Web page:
Continue reading
  • How do China's cyber-spies snoop on governments, NGOs? Probably like this
    Cicada's months-long global espionage campaign marks an expansion of team's capabilities

    A China-backed crew is said to be running a global espionage campaign against governments, religious groups, and non-governmental organizations (NGOs) by, in some cases, possibly exploiting a vulnerability in Microsoft Exchange servers.

    +Symantec's Threat Hunter Team said the campaign, which aims to spy on targeted victims and steal information, likely started in mid-2021, with the most recent activity detected in February. It may still be going on, the researchers observed in a report this week.

    The Threat Hunter Team team is attributing the attacks to Cicada, also known as APT10 – a group that has been operating for more than a decade and that intelligence agencies in the US have linked to China's Ministry of State Security. The researchers are pointing at Cicada because a custom loader and custom malware that have been used exclusively by the group were found in victims' networks.

    Continue reading
  • China-linked malware targeted secure networks in 'multiple governments'
    'Daxin' malware creates backdoors and may have been used since 2013

    The United States' Cybersecurity and Infrastructure Security Agency (CISA), working with security vendor Symantec, has found an extremely sophisticated network attack tool that can invisibly create backdoors, has been plausibly linked to Chinese actors, and may have been in use since 2013.

    Symantec's threat hunting team has named the malware "Daxin" and described it as "a stealthy backdoor designed for attacks on hardened networks". The Broadcom-owned security firm says it's found samples of the malware dating back to 2013, and that features present in recent versions were also found in older cuts of the code. Those recent versions of the malware have been associated with "China-linked threat actors".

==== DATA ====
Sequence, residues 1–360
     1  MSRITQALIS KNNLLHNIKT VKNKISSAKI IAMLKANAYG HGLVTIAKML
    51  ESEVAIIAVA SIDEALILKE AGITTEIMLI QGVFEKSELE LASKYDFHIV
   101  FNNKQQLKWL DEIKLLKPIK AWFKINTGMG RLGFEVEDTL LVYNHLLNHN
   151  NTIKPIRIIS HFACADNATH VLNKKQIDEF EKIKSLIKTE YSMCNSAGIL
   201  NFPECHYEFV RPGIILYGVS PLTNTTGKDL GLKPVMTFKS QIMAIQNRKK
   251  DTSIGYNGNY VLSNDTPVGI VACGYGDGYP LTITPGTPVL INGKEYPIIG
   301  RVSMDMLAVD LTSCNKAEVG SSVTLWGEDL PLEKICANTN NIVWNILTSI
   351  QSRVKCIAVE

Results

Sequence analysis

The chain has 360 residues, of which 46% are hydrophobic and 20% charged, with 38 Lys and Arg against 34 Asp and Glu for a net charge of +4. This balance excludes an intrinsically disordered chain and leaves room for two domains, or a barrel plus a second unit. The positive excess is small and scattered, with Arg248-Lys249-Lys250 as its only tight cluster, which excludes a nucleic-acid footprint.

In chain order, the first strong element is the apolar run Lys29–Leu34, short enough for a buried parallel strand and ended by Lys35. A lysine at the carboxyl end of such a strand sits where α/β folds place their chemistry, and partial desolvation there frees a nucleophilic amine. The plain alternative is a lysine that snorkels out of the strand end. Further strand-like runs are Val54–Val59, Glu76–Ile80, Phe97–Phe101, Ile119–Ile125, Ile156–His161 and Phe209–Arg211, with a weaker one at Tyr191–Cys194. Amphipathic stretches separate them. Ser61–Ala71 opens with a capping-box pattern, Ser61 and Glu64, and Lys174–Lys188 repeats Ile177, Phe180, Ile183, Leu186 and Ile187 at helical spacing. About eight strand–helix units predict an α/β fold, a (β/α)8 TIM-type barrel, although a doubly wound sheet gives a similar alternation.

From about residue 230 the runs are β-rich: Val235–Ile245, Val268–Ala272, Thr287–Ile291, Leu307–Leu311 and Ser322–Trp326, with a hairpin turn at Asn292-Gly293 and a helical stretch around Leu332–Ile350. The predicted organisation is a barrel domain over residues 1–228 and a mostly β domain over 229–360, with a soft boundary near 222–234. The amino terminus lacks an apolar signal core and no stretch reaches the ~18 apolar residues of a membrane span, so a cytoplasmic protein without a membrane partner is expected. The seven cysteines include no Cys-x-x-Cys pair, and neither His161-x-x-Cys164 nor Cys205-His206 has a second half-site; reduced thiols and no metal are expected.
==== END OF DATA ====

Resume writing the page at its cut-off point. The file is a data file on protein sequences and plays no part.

CISA's advisory about the malware describes it as "a highly sophisticated rootkit backdoor with complex, stealthy command and control functionality that enabled remote actors to communicate with secured devices not connected directly to the internet". The agency asserts that Daxin "appears to be optimized for use against hardened targets, allowing the actors to deeply burrow into targeted networks and exfiltrate data without raising suspicions".

    Continue reading
  • NortonLifeLock sniffs around Avast, announces 'advanced discussions' for acquisition
    Company now has 28 days to make up its mind

    NortonLifeLock, the somewhat clunky moniker adopted by the former consumer business arm of the Symantec Corporation, has announced "advanced discussions" with rival Avast over a possible merger.

    "A combination of NortonLifeLock and Avast would bring together two companies with aligned visions, highly complementary business profiles and a joint commitment to innovation that helps protect and empower people to live their digital lives safely," a NortonLifeLock spokesperson claimed in a message to investors.

    "We would draw on the best of both companies to ensure that the combination would benefit our customers, reward our employees and maximise long term value for all shareholders."

    Continue reading

Biting the hand that feeds IT © 1998–2022